Litvinenko widow says Saudi death should be a wake-up call

FILE - In this May 10, 2002 file photo, Alexander Litvinenko, former KGB spy is photographed at his home in London. Litvinenko, who defected to Britain and become a vocal Kremlin critic, died in Nov. 2006, three weeks after drinking tea laced with radioactive polonium-210 in London. A public inquiry concluded in 2016 that Russia's security service killed him, likely on Putin's orders. The disappearance of journalist Jamal Khashoggi, during a visit to his country’s consulate in Istanbul on Oct. 2, 2018, raises a dark question for anyone who dares criticize governments or speak out against those in power: Will the world have their back? (AP Photo/File)

LONDON (AP) — The widow of former Russian agent Alexander Litvinenko, who was killed by radioactive poison in 2006, said Tuesday that the death of Saudi journalist Jamal Khashoggi should be a wake-up call to the world about the deadly behavior of authoritarian states.

Speaking at an event at the British Parliament, Marina Litvinenko said her husband’s murder — and “the example of the Russian president” — may have contributed to an environment in which governments think “it’s just so easy to kill people” without provoking a strong response.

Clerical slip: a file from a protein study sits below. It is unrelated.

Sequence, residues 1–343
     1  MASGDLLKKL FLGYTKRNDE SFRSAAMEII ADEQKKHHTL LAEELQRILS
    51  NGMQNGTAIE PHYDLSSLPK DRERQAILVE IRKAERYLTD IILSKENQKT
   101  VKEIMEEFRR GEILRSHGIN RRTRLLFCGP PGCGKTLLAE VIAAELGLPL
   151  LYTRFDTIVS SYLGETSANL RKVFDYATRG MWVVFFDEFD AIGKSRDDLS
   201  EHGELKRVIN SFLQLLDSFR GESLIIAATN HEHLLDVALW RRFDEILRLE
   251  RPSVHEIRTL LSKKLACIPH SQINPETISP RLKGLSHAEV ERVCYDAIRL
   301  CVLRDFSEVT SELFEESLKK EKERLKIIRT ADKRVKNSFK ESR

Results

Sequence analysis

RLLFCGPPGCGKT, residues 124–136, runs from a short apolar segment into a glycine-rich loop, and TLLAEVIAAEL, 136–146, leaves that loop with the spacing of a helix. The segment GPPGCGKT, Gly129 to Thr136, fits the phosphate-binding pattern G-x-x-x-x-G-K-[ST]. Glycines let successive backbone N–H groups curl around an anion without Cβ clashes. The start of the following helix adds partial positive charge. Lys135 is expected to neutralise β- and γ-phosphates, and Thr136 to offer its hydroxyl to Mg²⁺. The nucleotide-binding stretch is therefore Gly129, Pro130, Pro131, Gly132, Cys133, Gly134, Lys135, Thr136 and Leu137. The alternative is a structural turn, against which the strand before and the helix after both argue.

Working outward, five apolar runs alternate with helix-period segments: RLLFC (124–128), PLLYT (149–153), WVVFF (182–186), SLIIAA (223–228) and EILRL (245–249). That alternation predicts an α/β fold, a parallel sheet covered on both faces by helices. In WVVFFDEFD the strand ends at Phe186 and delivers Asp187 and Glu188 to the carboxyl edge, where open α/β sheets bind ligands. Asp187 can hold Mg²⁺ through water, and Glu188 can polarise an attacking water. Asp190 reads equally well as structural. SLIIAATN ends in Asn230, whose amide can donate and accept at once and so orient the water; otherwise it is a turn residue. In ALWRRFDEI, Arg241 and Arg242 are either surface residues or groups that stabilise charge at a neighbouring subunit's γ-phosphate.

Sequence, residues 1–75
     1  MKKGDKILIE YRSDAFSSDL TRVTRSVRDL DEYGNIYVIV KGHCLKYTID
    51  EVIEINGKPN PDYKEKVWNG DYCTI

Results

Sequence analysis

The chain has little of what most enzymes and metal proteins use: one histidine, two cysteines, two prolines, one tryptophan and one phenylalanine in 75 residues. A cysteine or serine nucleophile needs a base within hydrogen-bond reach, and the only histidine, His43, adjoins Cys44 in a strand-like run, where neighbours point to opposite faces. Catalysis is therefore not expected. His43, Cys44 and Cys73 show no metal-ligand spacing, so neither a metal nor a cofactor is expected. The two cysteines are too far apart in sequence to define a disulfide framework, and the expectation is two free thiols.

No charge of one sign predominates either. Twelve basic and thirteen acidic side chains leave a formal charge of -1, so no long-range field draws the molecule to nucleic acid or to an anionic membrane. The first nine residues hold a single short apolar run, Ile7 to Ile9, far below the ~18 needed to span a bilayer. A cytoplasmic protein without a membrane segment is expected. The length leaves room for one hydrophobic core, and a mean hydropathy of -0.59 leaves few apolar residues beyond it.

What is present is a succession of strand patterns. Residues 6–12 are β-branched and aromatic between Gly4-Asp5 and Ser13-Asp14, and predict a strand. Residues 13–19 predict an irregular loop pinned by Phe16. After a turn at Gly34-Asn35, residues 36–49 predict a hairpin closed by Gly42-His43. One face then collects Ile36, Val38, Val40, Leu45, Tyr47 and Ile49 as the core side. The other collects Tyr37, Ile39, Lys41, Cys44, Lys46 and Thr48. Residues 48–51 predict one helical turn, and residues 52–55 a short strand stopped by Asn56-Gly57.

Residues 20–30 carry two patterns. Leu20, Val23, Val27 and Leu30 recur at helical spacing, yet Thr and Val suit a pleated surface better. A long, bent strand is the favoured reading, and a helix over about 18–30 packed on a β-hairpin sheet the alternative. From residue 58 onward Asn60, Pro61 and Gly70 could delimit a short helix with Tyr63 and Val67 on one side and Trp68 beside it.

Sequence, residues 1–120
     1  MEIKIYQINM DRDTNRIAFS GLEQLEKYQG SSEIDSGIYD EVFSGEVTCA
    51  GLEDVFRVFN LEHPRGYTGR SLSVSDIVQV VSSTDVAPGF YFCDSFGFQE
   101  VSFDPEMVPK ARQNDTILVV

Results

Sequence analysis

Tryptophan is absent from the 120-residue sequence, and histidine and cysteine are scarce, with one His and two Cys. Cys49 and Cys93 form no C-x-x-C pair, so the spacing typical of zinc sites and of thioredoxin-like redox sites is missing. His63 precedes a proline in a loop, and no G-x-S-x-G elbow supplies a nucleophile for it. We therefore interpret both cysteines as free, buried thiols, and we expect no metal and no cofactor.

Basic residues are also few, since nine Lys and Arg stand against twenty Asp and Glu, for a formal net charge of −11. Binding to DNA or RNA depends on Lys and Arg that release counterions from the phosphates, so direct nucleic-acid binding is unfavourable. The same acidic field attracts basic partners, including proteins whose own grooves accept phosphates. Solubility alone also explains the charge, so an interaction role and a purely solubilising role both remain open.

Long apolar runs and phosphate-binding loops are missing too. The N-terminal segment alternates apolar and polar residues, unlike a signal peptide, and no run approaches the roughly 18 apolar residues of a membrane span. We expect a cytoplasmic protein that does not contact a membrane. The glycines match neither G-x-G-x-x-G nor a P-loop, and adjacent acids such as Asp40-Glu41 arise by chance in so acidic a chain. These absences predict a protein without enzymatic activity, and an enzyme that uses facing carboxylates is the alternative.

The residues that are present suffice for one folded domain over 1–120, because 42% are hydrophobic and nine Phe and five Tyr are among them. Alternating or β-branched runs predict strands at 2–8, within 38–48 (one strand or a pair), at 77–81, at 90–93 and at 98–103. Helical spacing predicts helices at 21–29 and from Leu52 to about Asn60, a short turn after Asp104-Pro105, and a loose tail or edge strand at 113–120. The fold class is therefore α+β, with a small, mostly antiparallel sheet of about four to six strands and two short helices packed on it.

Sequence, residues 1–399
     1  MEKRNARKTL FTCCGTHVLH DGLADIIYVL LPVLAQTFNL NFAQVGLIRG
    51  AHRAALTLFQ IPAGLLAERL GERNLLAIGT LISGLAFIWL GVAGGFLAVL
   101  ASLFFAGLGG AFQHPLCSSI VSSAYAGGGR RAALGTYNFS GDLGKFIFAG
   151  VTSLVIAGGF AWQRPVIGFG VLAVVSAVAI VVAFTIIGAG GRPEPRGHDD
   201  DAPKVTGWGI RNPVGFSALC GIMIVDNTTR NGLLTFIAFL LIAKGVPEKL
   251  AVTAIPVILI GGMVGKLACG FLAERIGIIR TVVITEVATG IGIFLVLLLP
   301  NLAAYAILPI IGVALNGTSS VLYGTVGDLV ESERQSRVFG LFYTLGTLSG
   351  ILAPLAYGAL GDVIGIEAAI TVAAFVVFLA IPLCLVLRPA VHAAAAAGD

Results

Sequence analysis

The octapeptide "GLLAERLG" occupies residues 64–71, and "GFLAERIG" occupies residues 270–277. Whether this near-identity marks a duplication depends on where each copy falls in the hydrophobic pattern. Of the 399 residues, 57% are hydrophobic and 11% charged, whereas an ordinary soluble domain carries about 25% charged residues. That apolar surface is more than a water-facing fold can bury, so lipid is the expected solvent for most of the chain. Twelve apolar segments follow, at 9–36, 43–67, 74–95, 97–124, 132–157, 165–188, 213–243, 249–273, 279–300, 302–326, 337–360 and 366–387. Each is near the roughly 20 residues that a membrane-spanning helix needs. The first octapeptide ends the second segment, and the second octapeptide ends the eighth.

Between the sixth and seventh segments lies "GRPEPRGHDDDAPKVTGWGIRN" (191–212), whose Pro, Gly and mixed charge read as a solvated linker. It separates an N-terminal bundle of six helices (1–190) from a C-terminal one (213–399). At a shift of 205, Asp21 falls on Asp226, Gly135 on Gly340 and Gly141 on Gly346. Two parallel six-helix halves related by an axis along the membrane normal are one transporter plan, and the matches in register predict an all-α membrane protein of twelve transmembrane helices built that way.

Alexander Litvinenko, a Russian agent turned Kremlin critic, died in November 2006 after drinking tea laced with polonium-210 at a London hotel. A public inquiry concluded that he had been murdered by Russian intelligence, likely with the approval of President Vladimir Putin.

Britain has named two suspects, who remain free in Russia.

Marina Litvinenko said the death of Khashoggi and the poisoning of ex-Russian spy Sergei Skripal in England earlier this year were evidence that her husband’s death had not deterred governments from seeking to silence their critics.

Khashoggi, who had criticized Saudi Arabia’s assertive crown prince, has not been seen since he entered the Saudi consulate in Istanbul earlier this month. Turkish authorities say he was killed there in a pre-planned murder.

Litvinenko said Western governments did not respond strongly enough after her husband died. She said that with Western nations considering what action to take against Saudi Arabia, “it’s maybe a good point to see if something might change.”

“It’s very important to react (to) any kind of behavior and crime,” she said. “Because if you will make nothing happen today, you will just be not sure what might happen tomorrow.”

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